Therefore, the use of 3D printing to make portraits, cartoons, and print all kinds of everyday objects is just a rare ability to use 3D printing technology. We can continue to take a quick look at some of the anti-sky capabilities that 3D technology can achieve today.
The new evolution of 3D printing: new light curing, micron-scale multi-material and 4D activation technology
It has been more than 100 years since 3D printing was developed from concept to mature technology. In 1892, the United States Patent Office registered a patented technology for making three-dimensional map models by lamination, which became the initial form of 3D printing technology. It wasn’t until the 1980s that 3D printing technology really started to mature.
In 1984, American scientist Charles Hull invented Stereolithography (SLA), which uses light to catalyze photosensitive resins and then shape them, and first began to try to commercialize 3D printing. In 1986, the United States Helisys company developed the layered entity manufacturing technology (LOM). In 1988, American Scott Crump invented Fused Deposition Modeling (FDM), and in 1992 launched the first 3D industrial printer based on FDM technology.
Since then, 3D printing technology has entered a period of rapid iterative development, such as the newly emerging laser sintering technology, ultraviolet light sensing and droplet ejection integrated technology, which has greatly improved the precision and scope of manufacturing. By 2007, there were companies already trying to make another 3D printer out of a 3D printer. By 2012, 3D printers will be able to print complete cars and airplanes, as well as the body’s jaw prosthesis and artificial liver tissue from human cells.
It is worth mentioning that a company called Carbon3D in the United States released a new light curing technology in 2015-Continuous Liquid Interface Manufacturing (CLIP), which can be 25 to 100 times faster than any previous 3D printing technology. times.
(Carbon 3D’s resin-accelerated 3D printer)
This method involves submerging the table in a resin container and then using a projector to shine a pre-programmed image onto the table through a transparent window in the bottom of the container. Then, a layer of resin is fixed at one time by laser irradiation. Because the bottom window can undergo a curing reaction through the central enterprise organization window area, the worktable continues to rise, and the completed part is pulled out from the liquid resin.
(Currently the fastest resin 3D printer in the world)
Based on this technology, Northwestern University chemist Chad Mirkin and colleagues have developed a new high-speed resin 3D printer that is ten times faster than the 2015 device. Mirkin chose to pump a layer of clear oil to the bottom of the vessel to stop the polymer reaction. At the same time, this layer of oil also acts as a coolant, which will take away the heat generated during the printing process and prevent the printed parts from deforming. This also means that this printer can not only print anaerobic resins, but also opens up a vast space of new materials for 3D printing.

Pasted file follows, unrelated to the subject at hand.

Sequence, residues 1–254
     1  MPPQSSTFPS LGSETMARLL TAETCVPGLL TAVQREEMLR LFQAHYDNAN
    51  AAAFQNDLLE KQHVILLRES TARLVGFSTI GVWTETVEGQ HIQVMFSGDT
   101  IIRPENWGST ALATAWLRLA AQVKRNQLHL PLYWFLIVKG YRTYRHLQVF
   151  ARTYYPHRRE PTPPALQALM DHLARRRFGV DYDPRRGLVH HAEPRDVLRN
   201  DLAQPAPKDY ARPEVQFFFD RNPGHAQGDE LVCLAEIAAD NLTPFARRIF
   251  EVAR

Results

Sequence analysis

Another development in 3D printing is the 3D printing of a variety of viscous materials, which can control the material properties of printed objects at the micron scale.
Earlier this year, “Nature” magazine published this new printing technology, which can quickly switch between various viscous materials with just one nozzle, and can also use multiple nozzles, greatly reducing the printing time of specific structures. This technology is inspired by the “ink direct writing” process of 3D printing software or biological materials, but the difficulty lies in how to achieve high-frequency switching of multiple materials. The research team developed a microfluidic nozzle with up to eight viscous fluids at the tip of the nozzle to form separate filaments. Its working principle is to pressurize different fluids in sequence to switch materials at a frequency of up to 50Hz. Print feature sizes up to 250 microns.
This switching frequency is high enough to print “voxel-like” structures—that is, each point (voxel) representing the structure in the 3D mesh can have a different material property, allowing precise control of local material properties. A variety of 3D printing is possible, such as the use of different hardness materials to make paper folded according to the crease, and the use of different hardness silicone rubber robots.
The application of new materials has added a new dimension to 3D printing, that is, time. That is, by combining shape memory polymers, these materials will respond to changes in ambient temperature and humidity, allowing 3D printed objects to have certain mechanical motion capabilities, a technology that can be called 4D printing.
One class of 4D printing methods is to introduce a changing external magnetic field to trigger actions. One of these 3D-printed grid-like structures can be filled with a liquid that hardens with a magnetic field, and if hardened in the event of a crash, could be used to protect future car seats.
More promising 4D printing can be applied to human organs, including compressible and stretchable blood vessel stents, which can be precisely controlled to reach the designated position of the blood vessel before opening and expanding the structure. At present, 4D printing scaffolds with a width of only 50 microns have been realized to realize the printing of skin and liver organs, but the most ambitious development direction is to print fully functional body organs, but the current technology is still far from being applied. Levels of Human Organ Transplantation.